Problems can sometimes arise in Communities of Property Owners when it comes to installing a lift, and we would like to resolve any doubts that you may have on the matter. What happens if a resident refuses to pay for the lift installation?
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Quorum to install a lift in a Community of Property Owners
First of all, it is useful to know the cases in which a lift can be installed in a Community of Property Owners.
The Spanish Horizontal Property Law (LPH) establishes, in the first paragraph of article 17.2 (in its version dated 27 June 2013), the quorum required to install a lift (verbatim):
“Without prejudice to the provisions set forth in article 10.1 b), the carrying out of works or the establishment of new common services aimed at removing architectural barriers that hinder access or mobility for disabled persons and, in any case, the establishment of lift services, even when they imply the modification of the constitutive title, or of the by-laws, shall require the favourable vote of the majority of the property owners, who, in turn, represent the majority of the participation quotas”.
The Property Owners must agree to the installation of the lift in their Property Owners’ Meeting with a simple majority at the second meeting call. If installation is not approved by a simple majority, it will not be able to proceed to the second phase (the property owners in attendance would be against the installation).
If it is approved in the first phase, it will pass to the second phase. Notification must be given by reliable means (sending a letter or copy of minutes) to the property owners, at which point the owners who were absent from the meeting will have 30 days to vote for or against the resolution. Afterwards, if the final count is in favour, the work of changing or installing the lift can begin.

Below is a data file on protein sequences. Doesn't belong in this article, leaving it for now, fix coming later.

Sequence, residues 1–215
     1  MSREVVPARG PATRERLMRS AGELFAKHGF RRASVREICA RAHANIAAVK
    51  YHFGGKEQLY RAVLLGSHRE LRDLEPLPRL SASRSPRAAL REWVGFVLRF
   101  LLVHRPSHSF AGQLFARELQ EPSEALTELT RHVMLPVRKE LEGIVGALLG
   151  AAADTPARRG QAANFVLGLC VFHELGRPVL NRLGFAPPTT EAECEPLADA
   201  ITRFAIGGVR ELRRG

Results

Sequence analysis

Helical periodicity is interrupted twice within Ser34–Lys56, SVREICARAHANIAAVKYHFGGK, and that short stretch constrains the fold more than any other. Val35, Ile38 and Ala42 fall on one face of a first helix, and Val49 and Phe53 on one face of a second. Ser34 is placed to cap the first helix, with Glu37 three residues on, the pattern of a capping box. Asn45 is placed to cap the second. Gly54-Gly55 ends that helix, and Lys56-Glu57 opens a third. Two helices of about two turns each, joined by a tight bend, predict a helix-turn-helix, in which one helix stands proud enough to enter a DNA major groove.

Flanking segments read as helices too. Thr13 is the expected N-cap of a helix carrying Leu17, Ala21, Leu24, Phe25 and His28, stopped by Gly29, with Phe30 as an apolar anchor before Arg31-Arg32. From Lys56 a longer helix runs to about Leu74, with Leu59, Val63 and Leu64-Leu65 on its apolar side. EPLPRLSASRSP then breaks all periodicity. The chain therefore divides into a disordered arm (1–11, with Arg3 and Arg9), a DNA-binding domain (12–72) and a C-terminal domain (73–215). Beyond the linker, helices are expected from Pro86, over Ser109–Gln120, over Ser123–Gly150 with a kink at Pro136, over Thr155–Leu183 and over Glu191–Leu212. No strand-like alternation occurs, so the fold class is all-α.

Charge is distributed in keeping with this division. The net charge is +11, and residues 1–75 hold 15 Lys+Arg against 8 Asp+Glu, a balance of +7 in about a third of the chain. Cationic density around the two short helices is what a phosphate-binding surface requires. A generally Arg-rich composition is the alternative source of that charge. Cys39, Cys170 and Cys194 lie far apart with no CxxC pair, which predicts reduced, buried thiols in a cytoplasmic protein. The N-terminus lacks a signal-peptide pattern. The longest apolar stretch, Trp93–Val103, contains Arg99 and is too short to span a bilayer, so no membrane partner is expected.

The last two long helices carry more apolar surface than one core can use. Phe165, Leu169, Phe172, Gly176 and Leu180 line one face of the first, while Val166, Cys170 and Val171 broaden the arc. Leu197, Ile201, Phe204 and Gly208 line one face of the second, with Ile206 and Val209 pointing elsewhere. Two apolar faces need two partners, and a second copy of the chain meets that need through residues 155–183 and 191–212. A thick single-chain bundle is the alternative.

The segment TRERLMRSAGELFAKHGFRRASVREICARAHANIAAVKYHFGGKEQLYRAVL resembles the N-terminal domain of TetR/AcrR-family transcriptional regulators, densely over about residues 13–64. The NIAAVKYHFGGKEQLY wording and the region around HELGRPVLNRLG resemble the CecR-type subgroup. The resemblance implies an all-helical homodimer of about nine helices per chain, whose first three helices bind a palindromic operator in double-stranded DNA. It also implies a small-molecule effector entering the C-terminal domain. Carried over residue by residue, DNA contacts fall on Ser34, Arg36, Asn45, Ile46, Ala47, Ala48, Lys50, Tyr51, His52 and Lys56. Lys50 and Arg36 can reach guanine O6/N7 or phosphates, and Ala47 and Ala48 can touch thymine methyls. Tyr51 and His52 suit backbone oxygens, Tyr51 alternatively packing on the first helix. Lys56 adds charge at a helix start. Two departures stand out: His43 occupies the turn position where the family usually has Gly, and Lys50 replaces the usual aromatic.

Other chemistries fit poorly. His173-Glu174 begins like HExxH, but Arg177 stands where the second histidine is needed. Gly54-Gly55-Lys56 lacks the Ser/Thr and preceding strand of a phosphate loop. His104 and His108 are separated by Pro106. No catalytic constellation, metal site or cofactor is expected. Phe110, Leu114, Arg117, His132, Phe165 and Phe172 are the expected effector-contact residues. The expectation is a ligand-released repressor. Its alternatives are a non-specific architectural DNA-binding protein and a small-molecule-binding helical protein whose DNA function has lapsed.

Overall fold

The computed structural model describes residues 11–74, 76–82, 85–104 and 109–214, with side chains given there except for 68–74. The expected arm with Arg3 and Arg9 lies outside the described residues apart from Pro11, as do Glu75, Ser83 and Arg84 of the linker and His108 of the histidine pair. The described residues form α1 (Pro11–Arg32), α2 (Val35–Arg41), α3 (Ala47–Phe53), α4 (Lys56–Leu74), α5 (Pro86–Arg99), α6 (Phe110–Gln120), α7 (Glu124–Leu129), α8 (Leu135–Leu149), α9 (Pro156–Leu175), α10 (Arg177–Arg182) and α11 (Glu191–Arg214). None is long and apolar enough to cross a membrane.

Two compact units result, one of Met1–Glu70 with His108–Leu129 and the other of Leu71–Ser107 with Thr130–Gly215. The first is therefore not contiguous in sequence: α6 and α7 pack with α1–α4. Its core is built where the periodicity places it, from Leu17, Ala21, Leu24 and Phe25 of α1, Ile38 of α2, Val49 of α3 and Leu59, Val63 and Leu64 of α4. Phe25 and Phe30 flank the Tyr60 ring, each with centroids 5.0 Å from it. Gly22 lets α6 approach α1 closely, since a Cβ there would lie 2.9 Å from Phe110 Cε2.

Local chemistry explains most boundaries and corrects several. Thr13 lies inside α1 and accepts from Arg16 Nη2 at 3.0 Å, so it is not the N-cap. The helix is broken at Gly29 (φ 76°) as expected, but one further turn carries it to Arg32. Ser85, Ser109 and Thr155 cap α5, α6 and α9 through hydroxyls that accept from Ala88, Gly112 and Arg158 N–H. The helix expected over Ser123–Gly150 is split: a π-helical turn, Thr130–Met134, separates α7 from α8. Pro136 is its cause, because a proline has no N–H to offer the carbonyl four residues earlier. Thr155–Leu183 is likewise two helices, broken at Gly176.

Do the property owners who opposed the installation of the lift have to pay for it?
Once the installation of the lift has been approved with the necessary quorum according to the LPH, all members of the Community of Property Owners, including those who opposed the installation, will need to pay the corresponding costs. Even if the expense that corresponds to each property owner exceeds 12 ordinary monthly payments of common expenses.
As is stated in the second paragraph of article 17.2 of the Spanish Horizontal Property Law (LPH): “When agreements are validly adopted to carry out accessibility works, the community of property owners shall be obliged to pay the expenses, even if the amount charged annually exceeds twelve ordinary monthly payments of common expenses”.
If the lift installation is approved, and even if they own a ground floor residential property or a commercial premise, all property owners must contribute the amount specified according to the proportion of their fees. It should be noted that the improvement affects the entire building, which will increase in value with the installation of the lift.
Who pays for the maintenance of the lift?
In theory, lift maintenance costs will be paid between all members of the Community of Property Owners. If a property owner lives on the ground floor and isn’t going to use the lift, it’s logical that he/she won’t want to contribute towards its maintenance costs.
Can he/she be exempt from making contributions?
The LPH does not set forth, at any point, that property owners living on floors where use of the lift is not required are exempt from contributing towards their maintenance costs. However, it will be the Community’s by-laws that can exempt property owners from these payments. If the by-laws don’t state anything on the matter either, the issue can be addressed in a Property Owners’ Meeting, in which it will need to be approved by a simple majority.
It should be taken into account that this exemption would only apply to maintenance costs, and that they would continue to be responsible for extraordinary costs for both the lift and the rest of the building.
A property owner who refuses to pay for the lift
A member of the Community of Property Owners cannot refuse to pay for the installation of an improvement, such as that of a lift, if this decision has been approved in the Meeting of Property Owners.
Any refusal to pay for the lift maintenance must be justified by the Community Statutes or by a majority decision in the Meeting of Property Owners.
If any property owner refuses to make a payment when he/she is not exempt from doing so, they will be added to the list of defaulters, with everything that this implies.
We at Mediterráneo Property Administrator have more than 250 employees ranging from lawyers to economists and engineers, providing tailor-made solutions for each Community of Property Owners. Click on this link for a no-obligation quote.